People: Jay Johnson
My research focuses primarily on comparative studies into the struggles over Indigenous peoples’ self-determination. This research has focused on resource management, political activism on the national and international levels and on the political struggles over particular places and landscapes. Much of my research work has been conducted in Aotearoa/New Zealand, Australia and North America.
Biculturalism, Resource Management and Indigenous Self-determination:
This research project began with my dissertation work at the University of Hawai'i. The dissertation focused on the struggle by Māori to gain greater control over resource management and their use of the Resource Management Act to aid in this struggle. I also compared Māori struggles with Inuit struggles to control wildlife and resource management in the newly formed Nunavut Territory of northern Canada. I have recently updated this research and hope to publish these findings in the Canadian Geographer.
Waitangi: a contested landscape:
I and geography PhD student Will Price are currently conducting archival research and preparing for field research on the Waitangi Treaty Grounds, site of the negotiation and initial signing of the Treaty of Waitangi between Māori chiefs and the British Crown on 6 February, 1840. This treaty established British sovereignty over New Zealand while promising to protect Māori self-determination over their lands and treasured resources. The site of the signing, the house occupied by the British Lieutenant-Governor and the Māori carved meeting house added for the 100th anniversary have become a major tourist destination. These buildings and surrounding lands were purchased by Lord Bledisloe, then Governor-General of New Zealand, as a gift to the nation intended to aid in nation-building. It is for this reason that the Treaty Grounds have become the focus of much of the Waitangi Day national holiday celebrations.
Māori, the Indigenous peoples of Aotearoa/New Zealand, have, in more recent years used the Treaty Grounds as a site of protest over the failures of the New Zealand government to protect their self-determination since the signing of the treaty. They have used the ‘birth-place of the nation’ and the Waitangi Day national celebrations as an opportunity to air these grievances before the nation. This research project will explore the contested interpretations and employments of the landscape of the Treaty Ground to support frequently conflicting political and cultural agendas.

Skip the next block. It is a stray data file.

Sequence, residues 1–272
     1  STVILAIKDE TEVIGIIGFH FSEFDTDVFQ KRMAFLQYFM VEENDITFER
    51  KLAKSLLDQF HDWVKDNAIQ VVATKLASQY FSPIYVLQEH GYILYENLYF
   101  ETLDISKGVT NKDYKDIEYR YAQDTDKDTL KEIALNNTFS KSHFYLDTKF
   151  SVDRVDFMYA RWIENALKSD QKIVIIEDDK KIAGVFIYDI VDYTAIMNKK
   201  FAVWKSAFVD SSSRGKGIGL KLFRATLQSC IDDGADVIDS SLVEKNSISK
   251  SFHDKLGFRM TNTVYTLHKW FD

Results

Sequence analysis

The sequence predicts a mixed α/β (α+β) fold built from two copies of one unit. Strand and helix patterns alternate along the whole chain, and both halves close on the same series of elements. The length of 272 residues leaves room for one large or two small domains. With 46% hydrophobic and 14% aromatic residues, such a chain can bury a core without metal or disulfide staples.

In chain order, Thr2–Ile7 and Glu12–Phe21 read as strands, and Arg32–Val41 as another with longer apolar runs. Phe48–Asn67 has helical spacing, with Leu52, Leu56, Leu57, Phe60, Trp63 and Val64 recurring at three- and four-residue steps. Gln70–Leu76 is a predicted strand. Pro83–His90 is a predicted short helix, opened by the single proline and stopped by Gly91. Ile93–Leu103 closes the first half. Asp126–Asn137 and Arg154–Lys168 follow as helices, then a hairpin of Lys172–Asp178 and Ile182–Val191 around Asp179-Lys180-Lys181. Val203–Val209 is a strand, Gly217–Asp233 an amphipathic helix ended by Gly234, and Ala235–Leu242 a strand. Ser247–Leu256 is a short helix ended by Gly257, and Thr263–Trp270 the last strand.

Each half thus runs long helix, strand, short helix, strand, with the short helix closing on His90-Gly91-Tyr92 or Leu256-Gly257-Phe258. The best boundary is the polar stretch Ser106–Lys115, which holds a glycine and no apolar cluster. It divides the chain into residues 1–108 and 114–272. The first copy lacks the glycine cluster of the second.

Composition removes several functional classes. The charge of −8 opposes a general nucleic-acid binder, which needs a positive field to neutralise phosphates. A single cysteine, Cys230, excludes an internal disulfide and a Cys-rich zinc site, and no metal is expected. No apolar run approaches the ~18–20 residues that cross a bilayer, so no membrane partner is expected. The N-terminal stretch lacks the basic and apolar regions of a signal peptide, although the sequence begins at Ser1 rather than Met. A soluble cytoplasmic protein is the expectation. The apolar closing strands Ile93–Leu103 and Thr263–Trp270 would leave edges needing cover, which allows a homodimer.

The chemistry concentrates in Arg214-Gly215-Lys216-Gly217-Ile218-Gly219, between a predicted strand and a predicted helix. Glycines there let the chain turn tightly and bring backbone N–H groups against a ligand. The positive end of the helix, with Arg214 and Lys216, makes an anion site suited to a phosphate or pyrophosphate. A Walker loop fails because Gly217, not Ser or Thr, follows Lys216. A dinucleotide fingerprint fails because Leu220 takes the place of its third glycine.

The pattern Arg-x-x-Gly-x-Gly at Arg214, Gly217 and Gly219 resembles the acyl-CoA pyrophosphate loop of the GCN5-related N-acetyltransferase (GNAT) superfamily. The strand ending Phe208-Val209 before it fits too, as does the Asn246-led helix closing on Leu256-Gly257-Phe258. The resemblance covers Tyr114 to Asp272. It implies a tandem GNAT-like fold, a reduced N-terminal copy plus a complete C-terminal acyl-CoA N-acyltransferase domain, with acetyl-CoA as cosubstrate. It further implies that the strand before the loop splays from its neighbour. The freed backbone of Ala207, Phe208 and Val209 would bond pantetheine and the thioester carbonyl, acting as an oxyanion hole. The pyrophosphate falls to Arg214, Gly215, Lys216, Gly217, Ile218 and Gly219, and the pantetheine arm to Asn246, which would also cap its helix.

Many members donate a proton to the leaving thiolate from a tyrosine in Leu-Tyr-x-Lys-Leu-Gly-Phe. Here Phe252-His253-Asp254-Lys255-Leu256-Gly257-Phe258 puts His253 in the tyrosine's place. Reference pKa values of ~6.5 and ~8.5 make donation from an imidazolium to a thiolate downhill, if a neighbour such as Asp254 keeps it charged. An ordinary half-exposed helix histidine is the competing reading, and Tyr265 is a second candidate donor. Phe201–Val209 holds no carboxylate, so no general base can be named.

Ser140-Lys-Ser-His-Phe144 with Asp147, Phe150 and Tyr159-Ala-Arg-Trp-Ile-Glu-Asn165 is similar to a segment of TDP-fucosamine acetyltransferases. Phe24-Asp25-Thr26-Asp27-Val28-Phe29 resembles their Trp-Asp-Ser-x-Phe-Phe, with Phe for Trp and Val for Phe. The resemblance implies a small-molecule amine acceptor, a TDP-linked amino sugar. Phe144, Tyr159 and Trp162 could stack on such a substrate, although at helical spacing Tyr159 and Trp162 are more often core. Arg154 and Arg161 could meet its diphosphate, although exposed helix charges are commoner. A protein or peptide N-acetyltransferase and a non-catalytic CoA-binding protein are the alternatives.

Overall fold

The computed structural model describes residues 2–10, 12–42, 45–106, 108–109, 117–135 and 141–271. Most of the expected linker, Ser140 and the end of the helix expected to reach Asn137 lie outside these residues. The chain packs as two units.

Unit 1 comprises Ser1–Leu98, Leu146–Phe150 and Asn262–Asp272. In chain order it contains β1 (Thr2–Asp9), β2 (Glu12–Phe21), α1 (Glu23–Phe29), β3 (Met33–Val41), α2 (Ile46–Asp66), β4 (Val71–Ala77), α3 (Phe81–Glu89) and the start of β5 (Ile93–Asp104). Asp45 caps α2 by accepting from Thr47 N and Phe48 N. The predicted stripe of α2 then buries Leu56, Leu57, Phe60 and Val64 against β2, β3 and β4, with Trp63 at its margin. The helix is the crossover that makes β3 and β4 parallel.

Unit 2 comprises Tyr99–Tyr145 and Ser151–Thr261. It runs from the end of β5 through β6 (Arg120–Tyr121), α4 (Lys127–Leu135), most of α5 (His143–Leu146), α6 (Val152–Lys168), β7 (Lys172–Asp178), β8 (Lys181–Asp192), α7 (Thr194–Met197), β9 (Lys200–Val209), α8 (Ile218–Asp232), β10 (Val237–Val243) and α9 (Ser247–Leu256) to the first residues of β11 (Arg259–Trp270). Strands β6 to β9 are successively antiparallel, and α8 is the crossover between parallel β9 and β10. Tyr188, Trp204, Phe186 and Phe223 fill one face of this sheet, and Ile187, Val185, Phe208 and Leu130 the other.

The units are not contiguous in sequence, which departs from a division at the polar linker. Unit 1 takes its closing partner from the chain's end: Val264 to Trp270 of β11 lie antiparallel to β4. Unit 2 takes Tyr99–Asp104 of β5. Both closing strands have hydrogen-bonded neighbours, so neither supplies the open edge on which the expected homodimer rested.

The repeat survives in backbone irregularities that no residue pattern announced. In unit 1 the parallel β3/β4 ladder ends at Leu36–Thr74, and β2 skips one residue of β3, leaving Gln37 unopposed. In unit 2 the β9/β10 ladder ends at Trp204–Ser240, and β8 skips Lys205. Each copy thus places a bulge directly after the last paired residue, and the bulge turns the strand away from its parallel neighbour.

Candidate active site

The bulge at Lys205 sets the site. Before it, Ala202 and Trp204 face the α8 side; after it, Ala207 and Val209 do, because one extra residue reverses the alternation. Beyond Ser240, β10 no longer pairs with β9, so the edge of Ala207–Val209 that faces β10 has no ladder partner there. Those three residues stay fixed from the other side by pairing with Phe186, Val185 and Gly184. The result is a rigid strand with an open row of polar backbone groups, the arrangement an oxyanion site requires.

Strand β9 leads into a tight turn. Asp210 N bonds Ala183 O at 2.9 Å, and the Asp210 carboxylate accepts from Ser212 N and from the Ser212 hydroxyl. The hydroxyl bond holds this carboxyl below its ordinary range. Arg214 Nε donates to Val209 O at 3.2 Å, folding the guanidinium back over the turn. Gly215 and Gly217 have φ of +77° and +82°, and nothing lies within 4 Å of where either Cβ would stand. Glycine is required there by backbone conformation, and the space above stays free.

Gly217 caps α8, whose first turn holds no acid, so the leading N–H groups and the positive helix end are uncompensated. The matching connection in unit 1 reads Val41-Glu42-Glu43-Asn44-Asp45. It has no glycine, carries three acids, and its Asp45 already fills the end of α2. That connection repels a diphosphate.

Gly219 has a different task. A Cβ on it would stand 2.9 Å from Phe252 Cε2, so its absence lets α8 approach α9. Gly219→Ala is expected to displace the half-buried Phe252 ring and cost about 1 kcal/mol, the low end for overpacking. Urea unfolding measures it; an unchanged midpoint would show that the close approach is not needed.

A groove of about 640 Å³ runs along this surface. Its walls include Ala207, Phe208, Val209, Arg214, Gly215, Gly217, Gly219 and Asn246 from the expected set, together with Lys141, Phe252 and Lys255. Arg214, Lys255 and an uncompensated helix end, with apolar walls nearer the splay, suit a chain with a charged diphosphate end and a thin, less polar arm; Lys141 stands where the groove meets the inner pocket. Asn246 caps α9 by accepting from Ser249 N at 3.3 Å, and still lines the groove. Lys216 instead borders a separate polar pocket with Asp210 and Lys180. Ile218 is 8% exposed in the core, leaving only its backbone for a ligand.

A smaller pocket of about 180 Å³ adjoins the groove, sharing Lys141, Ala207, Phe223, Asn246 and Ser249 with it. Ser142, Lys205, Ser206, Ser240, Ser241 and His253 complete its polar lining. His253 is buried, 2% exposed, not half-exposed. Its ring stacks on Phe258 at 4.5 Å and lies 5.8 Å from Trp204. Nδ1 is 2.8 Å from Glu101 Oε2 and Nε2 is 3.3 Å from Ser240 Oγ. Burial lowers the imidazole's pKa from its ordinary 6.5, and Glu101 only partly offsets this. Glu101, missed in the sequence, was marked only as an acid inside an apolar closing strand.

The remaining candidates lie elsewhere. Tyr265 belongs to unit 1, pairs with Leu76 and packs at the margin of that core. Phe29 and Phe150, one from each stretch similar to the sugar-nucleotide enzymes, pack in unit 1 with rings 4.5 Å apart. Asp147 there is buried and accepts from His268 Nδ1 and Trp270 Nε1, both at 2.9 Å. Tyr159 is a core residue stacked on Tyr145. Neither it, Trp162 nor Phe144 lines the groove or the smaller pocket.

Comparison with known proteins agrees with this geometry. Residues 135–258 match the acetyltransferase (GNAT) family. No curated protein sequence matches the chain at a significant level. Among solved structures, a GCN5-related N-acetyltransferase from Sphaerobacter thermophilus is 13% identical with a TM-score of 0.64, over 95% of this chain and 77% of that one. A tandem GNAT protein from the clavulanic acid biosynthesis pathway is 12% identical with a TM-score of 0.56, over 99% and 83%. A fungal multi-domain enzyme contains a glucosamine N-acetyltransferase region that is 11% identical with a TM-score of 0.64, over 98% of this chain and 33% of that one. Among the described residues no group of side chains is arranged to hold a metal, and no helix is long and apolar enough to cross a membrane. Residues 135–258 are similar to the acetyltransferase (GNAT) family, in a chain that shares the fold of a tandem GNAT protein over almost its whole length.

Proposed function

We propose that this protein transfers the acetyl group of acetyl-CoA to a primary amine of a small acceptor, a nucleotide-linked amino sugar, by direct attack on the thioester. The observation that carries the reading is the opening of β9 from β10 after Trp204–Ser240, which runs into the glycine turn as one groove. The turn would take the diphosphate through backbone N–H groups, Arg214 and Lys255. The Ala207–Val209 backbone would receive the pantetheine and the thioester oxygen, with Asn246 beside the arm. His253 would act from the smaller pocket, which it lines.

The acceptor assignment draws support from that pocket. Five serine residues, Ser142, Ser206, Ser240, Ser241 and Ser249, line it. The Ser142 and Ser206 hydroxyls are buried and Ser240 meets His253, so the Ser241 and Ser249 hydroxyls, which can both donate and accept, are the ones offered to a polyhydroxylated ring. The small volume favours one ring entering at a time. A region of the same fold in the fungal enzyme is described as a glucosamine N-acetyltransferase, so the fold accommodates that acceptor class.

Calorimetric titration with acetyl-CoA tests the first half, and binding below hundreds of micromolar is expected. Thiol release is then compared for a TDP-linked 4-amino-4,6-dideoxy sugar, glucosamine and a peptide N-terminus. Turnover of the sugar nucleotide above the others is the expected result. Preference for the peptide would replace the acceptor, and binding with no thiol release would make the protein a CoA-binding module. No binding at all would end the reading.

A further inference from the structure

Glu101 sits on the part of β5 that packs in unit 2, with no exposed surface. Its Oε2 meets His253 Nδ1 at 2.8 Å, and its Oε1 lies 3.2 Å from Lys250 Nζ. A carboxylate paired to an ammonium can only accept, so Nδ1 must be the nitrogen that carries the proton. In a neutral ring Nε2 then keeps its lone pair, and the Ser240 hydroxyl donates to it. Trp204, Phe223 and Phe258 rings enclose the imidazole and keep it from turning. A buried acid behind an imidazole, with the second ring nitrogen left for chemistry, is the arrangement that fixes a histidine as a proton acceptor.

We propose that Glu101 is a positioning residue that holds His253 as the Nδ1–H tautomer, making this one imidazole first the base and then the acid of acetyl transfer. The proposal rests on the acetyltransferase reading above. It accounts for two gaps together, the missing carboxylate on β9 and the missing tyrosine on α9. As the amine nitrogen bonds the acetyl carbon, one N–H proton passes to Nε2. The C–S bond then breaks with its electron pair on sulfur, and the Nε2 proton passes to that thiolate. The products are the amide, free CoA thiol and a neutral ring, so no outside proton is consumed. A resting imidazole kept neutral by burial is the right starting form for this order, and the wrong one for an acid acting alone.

I and Will will travel to New Zealand in mid-January of 2010 to conduct research at the National Archives, the Auckland War Museum, and the University of Auckland libraries. We will also be conducting interviews prior to and during the Waitangi Day national celebrations at the Treaty Grounds with a variety of individuals involved in creating the spectacle and celebration. We intend to produce two journal publications related to this research and I hope to continue the research and eventually produce a book. This research is partially supported through funds from the Kansas University Center for Research.
The politics and philosophies of place:
I am engaged in on-going research collaboration with Soren Larsen of the University of Missouri examining and comparing how various Indigenous and Western philosophies of place effect how different groups engage in political action around particular places. Currently we are preparing an edited volume for publication through which academics who have worked collaboratively with Indigenous communities and in so doing have had their own (Western, academic, personal) geographical understandings questioned, challenged, and finally expanded and reformulated into “deeper” senses of place will describe these collaborations.